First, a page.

I am working on a longer version of this prayer/pledge that teases out the assumptions and vision that make it possible. [update: I have posted the longer version here.] For now, I wanted to post the pledge in its simple shortened form. I’ve been praying it for several months now, more regularly since December 2013 and am finding great benefit to my soul with God. I pray through this daily as well as the abandonment prayer I posted on January 1, 2014.

I should note that I got this from a bookmark printed by a church I used to attend (Sojourn Community Church). It was at a time when Dallas Willard’s vision flooded this particular church and so his hands are all over this as well. I have no idea where they got it; web searches to find an original source have failed.

I apprentice myself to Jesus in order to live eternally now;

to become the kind of person who does what he did and says the things he said in his confident, peaceful manner.

I commit myself to learning this.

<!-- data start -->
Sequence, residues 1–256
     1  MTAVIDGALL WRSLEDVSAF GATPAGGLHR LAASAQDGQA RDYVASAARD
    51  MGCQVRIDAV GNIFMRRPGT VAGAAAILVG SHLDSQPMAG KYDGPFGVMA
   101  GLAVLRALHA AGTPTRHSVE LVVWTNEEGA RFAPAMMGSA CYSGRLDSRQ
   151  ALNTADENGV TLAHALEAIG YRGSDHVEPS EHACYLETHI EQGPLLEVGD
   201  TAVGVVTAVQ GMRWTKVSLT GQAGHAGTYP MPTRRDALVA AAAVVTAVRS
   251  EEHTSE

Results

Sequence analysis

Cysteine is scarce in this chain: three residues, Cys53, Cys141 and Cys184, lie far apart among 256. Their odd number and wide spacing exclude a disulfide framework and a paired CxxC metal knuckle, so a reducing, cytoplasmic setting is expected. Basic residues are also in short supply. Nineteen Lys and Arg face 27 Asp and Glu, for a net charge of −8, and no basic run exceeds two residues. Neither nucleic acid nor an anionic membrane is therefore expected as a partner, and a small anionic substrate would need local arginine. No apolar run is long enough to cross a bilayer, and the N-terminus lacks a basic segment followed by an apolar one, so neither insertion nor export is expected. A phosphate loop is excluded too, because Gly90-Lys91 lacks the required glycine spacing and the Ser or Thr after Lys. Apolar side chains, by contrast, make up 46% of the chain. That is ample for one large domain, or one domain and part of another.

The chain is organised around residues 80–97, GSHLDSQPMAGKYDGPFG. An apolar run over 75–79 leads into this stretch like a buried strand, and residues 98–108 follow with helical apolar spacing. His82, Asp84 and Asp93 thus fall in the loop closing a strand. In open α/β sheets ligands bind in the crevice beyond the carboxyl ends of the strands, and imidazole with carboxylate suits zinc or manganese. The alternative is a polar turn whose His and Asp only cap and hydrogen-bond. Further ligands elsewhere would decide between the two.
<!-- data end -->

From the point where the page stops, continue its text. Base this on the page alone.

I intend to be with Him (through the Holy Spirit) doing the necessary and appropriate things (means of grace) for apprehending this new kind of life.

I do this for the sake of God;

to work with Him as he extends the loving rule and reign of His kingdom to others.

I do not do this to earn or merit anything; it is my simple, but passionate cooperation.

Friday, January 10, 2014

Some of My Favorite 2013 Facebook Moments

I was looking at my Facebook account and saw the option to see my “2013 Year in Review.” I was curious, so I clicked on the link. I was struck by some of the statements I’ve made, both funny and serious, and felt blessed yet again at how God has been working in my life.

Anyone who knows me knows that I am a strange mix of contemplative jokester who listens to both Metallica and Andrew Peterson (not all at the same time though). My FB posts were a pretty good representation of that!

For your amusement and pondering: